Virginia considers privately run ports
NORFOLK, Va. — Virginia will consider whether to turn over the operation of its port terminals to a private company following an unsolicited proposal to do so that is valued at nearly $4 billion, state officials said Wednesday.
The state Department of Transportation issued a request for alternative proposals following an unsolicited one by APM Terminals Inc., a division of global shipping company Maersk.
The Port of Virginia is currently the third-largest port on the East Coast, but state officials have been frustrated that it hasn’t rebounded from the recession as quickly as its competitors in New York and Savannah have.
The APM Terminals proposal calls for a 48-year agreement to operate state ports in the Hampton Roads region, as well as the Virginia Inland Port in Warren County. The proposal is valued between $3.2 billion and $3.9 billion.
In addition to monthly payments, APM Terminals would fund capital improvements at the terminals and transfer ownership of its Portsmouth facility to the state.
Local governments also would receive property taxes and other revenue that it can’t currently receive from the existing facilities, which are exempt.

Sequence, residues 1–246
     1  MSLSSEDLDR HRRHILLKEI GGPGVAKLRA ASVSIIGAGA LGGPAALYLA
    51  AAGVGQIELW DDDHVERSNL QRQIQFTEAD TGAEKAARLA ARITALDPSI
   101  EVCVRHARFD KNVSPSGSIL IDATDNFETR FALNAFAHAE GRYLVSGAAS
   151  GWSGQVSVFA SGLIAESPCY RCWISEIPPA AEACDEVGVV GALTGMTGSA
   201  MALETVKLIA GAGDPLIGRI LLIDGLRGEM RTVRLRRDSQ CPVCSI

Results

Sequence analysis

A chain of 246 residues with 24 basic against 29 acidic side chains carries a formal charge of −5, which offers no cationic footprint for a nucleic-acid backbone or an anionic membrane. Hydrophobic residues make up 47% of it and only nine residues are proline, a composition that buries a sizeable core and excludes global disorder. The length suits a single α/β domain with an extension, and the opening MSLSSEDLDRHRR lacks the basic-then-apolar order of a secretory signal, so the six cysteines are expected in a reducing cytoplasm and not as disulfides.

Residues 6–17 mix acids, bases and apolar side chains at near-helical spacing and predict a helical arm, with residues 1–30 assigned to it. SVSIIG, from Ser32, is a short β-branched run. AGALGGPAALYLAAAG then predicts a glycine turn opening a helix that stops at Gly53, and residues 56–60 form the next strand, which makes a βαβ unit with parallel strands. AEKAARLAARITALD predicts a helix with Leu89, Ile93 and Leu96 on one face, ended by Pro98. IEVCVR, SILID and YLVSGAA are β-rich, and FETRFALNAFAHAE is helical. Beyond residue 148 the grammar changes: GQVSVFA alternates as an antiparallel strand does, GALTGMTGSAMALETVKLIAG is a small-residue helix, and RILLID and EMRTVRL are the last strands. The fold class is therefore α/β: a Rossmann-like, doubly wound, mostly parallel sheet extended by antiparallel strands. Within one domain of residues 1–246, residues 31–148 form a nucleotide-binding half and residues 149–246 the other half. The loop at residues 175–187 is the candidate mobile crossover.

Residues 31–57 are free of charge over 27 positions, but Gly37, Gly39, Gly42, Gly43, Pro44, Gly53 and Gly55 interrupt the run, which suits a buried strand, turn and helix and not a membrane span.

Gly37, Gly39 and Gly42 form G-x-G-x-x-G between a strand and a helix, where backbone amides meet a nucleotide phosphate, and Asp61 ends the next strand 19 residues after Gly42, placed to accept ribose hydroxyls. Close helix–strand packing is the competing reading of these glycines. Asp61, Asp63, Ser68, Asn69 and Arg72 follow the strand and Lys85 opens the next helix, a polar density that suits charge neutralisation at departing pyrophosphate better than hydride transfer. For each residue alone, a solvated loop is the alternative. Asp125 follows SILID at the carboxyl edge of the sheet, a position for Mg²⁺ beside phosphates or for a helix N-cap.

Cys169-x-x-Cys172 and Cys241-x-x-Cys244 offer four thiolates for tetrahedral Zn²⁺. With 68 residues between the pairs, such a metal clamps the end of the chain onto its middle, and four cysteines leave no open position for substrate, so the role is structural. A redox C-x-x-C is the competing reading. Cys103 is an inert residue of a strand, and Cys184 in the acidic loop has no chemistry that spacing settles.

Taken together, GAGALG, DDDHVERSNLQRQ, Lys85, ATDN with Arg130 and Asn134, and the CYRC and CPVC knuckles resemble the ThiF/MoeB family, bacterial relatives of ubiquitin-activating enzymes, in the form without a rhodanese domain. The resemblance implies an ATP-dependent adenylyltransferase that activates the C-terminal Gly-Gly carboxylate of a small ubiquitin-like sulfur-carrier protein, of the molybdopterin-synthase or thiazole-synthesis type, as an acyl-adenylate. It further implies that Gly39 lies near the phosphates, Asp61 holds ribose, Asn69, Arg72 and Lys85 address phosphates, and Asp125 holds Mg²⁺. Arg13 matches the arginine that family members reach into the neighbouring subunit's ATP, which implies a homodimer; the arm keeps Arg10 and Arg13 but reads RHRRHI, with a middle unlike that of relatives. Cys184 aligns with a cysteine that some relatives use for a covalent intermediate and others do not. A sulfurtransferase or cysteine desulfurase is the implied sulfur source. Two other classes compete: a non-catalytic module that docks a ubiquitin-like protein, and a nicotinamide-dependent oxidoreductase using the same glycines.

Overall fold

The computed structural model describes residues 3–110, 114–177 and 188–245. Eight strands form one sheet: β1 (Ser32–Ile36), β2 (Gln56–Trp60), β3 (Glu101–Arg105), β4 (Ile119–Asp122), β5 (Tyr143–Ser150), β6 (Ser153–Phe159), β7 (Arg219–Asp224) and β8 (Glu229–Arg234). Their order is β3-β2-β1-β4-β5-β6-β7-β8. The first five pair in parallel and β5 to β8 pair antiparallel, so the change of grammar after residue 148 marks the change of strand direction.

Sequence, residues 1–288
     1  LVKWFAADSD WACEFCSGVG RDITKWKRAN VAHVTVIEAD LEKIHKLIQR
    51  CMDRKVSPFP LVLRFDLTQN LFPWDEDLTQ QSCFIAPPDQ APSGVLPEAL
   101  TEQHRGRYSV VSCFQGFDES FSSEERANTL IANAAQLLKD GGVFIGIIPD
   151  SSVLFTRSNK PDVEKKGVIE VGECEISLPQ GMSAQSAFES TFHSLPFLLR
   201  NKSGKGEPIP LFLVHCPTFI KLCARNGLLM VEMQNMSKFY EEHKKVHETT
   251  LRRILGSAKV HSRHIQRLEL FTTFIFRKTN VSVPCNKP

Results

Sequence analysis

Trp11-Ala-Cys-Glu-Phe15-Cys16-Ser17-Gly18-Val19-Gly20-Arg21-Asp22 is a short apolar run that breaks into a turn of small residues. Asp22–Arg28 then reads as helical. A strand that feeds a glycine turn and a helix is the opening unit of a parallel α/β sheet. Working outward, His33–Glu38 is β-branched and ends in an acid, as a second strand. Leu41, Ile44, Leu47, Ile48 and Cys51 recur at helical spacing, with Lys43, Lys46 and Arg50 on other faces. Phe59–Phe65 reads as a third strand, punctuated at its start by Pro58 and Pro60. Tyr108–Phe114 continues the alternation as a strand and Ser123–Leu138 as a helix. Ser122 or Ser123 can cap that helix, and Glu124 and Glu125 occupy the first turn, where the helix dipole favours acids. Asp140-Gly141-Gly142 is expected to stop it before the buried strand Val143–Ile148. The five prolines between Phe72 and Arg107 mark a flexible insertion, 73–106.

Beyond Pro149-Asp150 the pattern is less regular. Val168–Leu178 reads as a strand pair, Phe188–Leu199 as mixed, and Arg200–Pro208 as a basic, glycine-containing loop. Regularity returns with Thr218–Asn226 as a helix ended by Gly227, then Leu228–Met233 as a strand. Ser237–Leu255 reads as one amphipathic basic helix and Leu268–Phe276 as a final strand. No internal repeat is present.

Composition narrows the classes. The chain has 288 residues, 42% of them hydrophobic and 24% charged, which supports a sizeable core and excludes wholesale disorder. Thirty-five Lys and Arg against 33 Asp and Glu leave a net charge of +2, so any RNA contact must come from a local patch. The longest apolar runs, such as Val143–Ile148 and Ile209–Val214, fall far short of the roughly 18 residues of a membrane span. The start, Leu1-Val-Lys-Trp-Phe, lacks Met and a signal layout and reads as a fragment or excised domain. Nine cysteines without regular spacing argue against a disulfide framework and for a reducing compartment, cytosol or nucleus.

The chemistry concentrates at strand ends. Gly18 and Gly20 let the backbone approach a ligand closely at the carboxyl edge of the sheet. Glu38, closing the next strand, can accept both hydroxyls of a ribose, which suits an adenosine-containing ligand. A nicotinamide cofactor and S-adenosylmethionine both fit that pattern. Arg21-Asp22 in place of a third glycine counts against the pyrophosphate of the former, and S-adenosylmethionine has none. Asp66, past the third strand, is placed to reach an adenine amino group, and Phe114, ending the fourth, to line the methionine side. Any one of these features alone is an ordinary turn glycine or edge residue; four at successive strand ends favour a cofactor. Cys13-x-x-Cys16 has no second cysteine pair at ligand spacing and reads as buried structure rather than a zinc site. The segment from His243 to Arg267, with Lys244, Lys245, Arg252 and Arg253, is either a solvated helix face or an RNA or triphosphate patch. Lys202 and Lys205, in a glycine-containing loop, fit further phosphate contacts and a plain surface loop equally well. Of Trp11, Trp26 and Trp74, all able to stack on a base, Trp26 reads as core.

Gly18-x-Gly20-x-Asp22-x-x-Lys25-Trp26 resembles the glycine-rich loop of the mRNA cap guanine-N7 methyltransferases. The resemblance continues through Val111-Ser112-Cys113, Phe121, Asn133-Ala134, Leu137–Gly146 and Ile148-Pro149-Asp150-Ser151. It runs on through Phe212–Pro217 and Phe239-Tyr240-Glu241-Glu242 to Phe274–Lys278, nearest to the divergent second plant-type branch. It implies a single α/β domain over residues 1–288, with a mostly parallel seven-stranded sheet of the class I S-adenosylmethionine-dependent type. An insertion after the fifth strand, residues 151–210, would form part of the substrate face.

“This proposed transaction follows the standard landlord-tenant model which is in place in more than 80% of the world’s ports, and is presented at an opportune time as port authorities around the country aggressively pursue new business,” the proposal says.
The submission deadline for alternative proposals is July 12.
The idea of port privatization came up in South Carolina about five years ago, while Gov. Mark Sanford was in office.
The Charleston-based government agency that oversees the ports said Thursday it has no plans to follow Virginia’s lead.
“Our ... model as an operating port has served the state and our customer base well over the years,” State Ports Authority spokeswoman Allison Skipper said in a statement.
“The Port of Charleston is consistently named one of the most productive ports in the nation,” she continued. “The port’s mission, ultimately, is to exist for the public good and to be an economic driver for the state of South Carolina. The South Carolina Ports Authority is unique in that we operate financially self-sufficiently in terms of our inside-the-fenceline projects like new terminals and equipment.
“Managing our terminals and investing back into our public infrastructure allows us to better fulfill that mission.”
David Slade of The Post and Courier contributed to this report.